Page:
As is well known, President Trump was so deeply dissatisfied with Congress’ $2.3 trillion COVID relief bill that he threatened to veto it. But now, he has done something that allows him to make the changes he wants to the legislation without outright rejecting it.

President Trump has invoked the Impoundment Control Act of 1974.

What Is the Impoundment Control Act of 1974?

The Impoundment Control Act of 1974 is a law that was originally passed to prevent the president from unilaterally deciding how to fund various government programs without any input from Congress. However, the president has managed to turn this around and use the law’s provisions to stop Congress from spending money on things that he thinks are ill-advised.


Broadly, the law allows the president to make changes to Congress’ spending bills in two ways: through rescissions or through deferrals. Rescissions allow the president to reduce the amount Congress has agreed to spend on something, and deferrals allow him to withhold or delay funding from certain things.

To make rescissions, the president must issue a special message to Congress, which President Trump did on December 27. The message states that he will return the bill to Congress, redlining all of the areas of spending that he wants to be rescinded, in the amounts he wishes them to be rescinded. Congress will then have to vote on each of the proposed rescissions.


What Does the President Want?

In particular, the president has complained that the COVID relief bill gives away enormous amounts of money in foreign aid. Among some of these giveaways are $700 million in foreign aid to Sudan, $430 million for Ukraine, $1.3 billion for Egypt, $500 million for Israel, and, perhaps most absurdly, $10 million for gender programs in Pakistan. Since the country is in the midst of a pandemic, Trump regards this as outrageous. He wants all of these things and more to be removed.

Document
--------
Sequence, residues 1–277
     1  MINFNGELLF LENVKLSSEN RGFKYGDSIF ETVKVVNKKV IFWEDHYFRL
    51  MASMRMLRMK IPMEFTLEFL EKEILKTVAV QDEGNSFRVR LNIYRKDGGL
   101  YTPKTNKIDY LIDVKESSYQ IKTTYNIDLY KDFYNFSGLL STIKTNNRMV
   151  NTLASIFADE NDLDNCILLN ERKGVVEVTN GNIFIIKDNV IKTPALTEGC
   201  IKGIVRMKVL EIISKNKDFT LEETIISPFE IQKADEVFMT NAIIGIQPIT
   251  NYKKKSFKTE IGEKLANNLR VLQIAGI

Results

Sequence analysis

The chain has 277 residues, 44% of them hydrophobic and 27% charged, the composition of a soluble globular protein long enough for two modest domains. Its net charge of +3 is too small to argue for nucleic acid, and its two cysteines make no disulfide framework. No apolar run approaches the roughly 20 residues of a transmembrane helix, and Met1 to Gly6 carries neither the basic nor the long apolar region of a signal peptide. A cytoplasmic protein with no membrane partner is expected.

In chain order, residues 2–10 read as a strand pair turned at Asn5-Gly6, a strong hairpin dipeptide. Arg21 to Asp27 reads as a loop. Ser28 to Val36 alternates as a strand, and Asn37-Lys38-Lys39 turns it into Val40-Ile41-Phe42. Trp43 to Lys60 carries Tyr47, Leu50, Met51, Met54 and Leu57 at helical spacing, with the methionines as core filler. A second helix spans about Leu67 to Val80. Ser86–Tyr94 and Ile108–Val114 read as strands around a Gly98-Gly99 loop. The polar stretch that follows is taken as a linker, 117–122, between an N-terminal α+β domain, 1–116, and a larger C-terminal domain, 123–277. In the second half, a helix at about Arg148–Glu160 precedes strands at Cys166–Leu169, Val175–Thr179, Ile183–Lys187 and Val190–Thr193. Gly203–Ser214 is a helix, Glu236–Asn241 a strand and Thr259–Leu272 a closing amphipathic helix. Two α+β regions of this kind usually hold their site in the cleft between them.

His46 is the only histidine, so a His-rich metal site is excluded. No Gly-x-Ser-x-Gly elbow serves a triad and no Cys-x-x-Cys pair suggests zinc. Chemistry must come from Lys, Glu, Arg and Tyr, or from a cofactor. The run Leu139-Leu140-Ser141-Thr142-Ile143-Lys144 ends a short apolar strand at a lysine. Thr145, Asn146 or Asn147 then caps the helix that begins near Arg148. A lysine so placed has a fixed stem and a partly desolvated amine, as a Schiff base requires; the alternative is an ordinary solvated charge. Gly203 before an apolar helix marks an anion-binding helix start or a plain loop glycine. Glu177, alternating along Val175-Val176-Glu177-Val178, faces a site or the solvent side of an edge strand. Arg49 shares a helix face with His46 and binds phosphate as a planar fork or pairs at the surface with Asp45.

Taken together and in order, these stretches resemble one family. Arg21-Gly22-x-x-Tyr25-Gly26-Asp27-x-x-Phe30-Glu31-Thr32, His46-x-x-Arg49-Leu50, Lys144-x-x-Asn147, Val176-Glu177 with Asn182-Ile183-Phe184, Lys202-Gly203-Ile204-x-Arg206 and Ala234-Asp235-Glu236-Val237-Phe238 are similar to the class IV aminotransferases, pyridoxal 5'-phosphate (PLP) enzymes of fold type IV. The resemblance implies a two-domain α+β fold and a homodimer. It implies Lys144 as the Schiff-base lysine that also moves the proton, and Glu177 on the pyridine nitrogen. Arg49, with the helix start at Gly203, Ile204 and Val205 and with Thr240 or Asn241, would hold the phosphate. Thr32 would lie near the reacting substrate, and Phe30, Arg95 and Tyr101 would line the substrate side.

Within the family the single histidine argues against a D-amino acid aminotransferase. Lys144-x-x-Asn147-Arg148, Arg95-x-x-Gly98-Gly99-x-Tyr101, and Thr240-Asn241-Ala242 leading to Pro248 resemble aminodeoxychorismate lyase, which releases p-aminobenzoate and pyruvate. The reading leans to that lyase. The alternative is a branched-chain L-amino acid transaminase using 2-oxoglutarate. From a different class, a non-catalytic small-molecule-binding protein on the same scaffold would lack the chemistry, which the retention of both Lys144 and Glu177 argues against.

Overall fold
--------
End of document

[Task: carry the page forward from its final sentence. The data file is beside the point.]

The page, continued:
Furthermore, the president has objected to the fact that the bill does not reform Section 230, which gives big tech platforms like Facebook and YouTube immunity from the libel prosecution that publishers might face, even though these platforms have increasingly been acting like publishers of late by censoring conservative viewpoints.


Another of the president’s most prominent objections has been that the bill only gives individuals making $75,000 per year or less $600 in stimulus money when the president wants people to receive $2,000. As of the evening of December 28, however, the revised provision to increase the stimulus checks from $600 to $2,000 has passed the House.

Some Senators, like Josh Hawley of Missouri, are excited to vote on the president’s proposed rescissions.